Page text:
by David Glen Robinson
Published on May 29, 2022
Kathy Dunn Hamrick has carved out a niche for herself of high-energy, high skill, athletic contemporary dance. her audiences appreciate every new and surprising turn the company takes within it.
Kathy Dunn Hamrick speaks the language of movement better than most. This was stated about her in regard to last December’s In Situ dance performance, also at Café Dance. In that performance, stemming from the title, the movement addressed place and places—all familiar places—transformed by the pandemic. They were recognized anew in a process of metamorphosis, dancers hatching literally from bubble-wrap cocoons and finding new life after the dark restrictions of our collective confinement. …
by Justin M. West
Published on May 20, 2022
"That was one of the best performances I have ever seen," I told Abby Ferree, the solo protagonist. I stand by that. "You're amazing," I told director Allison Price.I regret not finding better words for an unforgettable and transformative experience.
For years I have maintained, as I likely always will, that theatre is not and should never be a "safe space." I am not referring to the creation process, of course. The creation of a piece, from its inception to its rehearsals and performances, should absolutely be a safe space for all involved. The safety of performers and those supporting them is paramount. But the art, itself? The ideas and emotions it evokes and …
by Michael Meigs
Published on May 15, 2022
One particular attraction of MR. HATCH, particularly for family audiences is a clever reversal of roles. Here, it's the young narrator who becomes the coach and encourager to the despondent adult.
Allen Robertson has delivered a gentle miracle at the Zach Theatre with his adaptation of Eileen Spinelli's 1991 picture book Somebody Loves You, Mr. Hatch. Three well-known and admired adult actors are matched by the lively young character Melanie Todd, played by a rotation of three young women from Zach's theatre program. The production takes places in the Kleberg Theatre, configured as a theatre-in-the-square, around which the audience find themselves up close and personal. …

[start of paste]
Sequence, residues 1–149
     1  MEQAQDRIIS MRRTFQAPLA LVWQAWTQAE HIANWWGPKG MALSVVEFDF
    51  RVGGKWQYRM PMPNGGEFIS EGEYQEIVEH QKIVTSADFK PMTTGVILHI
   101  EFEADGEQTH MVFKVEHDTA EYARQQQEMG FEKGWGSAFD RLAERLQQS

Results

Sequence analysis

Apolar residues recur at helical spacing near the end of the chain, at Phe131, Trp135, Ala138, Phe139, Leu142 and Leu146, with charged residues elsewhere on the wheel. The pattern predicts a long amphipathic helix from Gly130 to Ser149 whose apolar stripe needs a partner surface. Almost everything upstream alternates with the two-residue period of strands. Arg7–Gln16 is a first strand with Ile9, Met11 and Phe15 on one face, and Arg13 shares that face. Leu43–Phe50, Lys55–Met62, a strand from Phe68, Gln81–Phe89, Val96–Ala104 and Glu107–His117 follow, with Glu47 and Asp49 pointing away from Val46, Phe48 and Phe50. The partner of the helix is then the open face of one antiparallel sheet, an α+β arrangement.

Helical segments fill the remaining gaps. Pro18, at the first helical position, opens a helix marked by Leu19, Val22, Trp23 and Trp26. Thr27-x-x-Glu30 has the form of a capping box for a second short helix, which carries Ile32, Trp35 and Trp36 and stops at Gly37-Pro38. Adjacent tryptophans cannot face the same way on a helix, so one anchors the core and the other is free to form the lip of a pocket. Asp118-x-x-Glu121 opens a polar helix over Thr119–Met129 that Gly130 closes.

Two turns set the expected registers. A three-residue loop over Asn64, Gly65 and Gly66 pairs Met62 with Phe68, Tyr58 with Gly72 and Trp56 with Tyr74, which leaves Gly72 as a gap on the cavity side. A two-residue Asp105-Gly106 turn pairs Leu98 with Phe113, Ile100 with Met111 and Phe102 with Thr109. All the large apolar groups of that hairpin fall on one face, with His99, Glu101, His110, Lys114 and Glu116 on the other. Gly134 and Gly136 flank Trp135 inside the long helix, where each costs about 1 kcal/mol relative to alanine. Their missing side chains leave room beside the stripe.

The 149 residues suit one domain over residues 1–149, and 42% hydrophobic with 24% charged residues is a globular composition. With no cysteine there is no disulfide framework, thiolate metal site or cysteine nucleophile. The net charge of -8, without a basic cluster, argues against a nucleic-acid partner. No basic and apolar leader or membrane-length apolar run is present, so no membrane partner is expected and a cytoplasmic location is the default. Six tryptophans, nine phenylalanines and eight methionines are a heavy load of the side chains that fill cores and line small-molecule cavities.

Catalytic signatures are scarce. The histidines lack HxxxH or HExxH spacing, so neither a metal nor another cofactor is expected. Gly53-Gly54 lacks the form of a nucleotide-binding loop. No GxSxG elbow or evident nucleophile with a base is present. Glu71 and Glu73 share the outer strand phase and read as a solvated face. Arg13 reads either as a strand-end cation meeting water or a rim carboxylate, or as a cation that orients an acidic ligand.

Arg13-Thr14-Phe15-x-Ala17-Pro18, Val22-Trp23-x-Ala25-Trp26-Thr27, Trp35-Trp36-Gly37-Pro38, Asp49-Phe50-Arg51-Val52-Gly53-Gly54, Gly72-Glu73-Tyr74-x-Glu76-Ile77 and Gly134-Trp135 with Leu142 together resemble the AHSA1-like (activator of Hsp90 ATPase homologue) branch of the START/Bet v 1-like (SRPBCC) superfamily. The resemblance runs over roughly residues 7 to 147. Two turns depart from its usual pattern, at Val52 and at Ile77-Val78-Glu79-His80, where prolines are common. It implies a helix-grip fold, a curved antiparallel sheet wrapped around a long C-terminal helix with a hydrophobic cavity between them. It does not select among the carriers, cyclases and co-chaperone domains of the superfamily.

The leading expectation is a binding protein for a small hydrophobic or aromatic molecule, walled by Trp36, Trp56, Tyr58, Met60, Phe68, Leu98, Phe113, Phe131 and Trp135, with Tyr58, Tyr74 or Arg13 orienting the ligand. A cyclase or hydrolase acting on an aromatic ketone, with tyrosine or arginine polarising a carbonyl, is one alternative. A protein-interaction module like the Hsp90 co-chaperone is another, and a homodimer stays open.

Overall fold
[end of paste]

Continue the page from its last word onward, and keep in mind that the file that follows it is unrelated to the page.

by Brian Paul Scipione
Published on May 14, 2022
I always wonder if Albee suggests that this night of mayhem is a once-in-a lifetime experience of Martha and George play this routine every chance they get. I now know that I, for one, am afraid of Virginia Woolf.
One of the commonplace declarations about the perpetually popular plays of Shakespeare is that his subjects are timeless. Another view, less often proposed, is the simple observation that they are really good (despite sometimes being something of a slog for modern audiences). Edward Albee’s Who’s Afraid of Virginia Woolf? is exactly that. Describe the play as you will—wonderful, exceedingly clever, intellectually moving, disturbing, daunting, outright scary—but at its core it is very high quality. It is …
by Annie Knox
Published on May 11, 2022
Beth Henley's CRIMES OF THE HEART is still acutely relevant, a beautiful tapestry of storytelling.
Beth Henley wrote her Pulitzer Prize-winning play Crimes of the Heart more than 40 years ago, but its treatment of racism, domestic violence, and metal health issues makes it acutely relevant still. Henley weaves her complex characters, a trio of sisters in 1970s Mississippi, into a beautiful tapestry of storytelling. Under Tysha Calhoun's expert direction, the actors deliver quick, witty dialogue. Calhoun, recently voted Broadway World Austin’s Director of the Decade, has created a believable …
by David Glen Robinson
Published on May 04, 2022
Alyson Dolan and collaborators created CAPSULE as a performance of three distinctly different and intriguing pieces, performed April 30 and May 1 for many members of Austin's dance community.
This past weekend in Austin was loaded with fine arts dance concerts, two highly notable: Andrea Ariel Dance Theatre’s Reimagine at the downtown Long Center, and Alyson Dolan’s Capsule at the shoes-off Café Dance on Hancock Drive in northwest Austin. The settings showed great contrasts, but the two shows were well-matched in their high creativity and polished, professional performances. Our delighted concern here is with Capsule, a short work choreographed and produced by …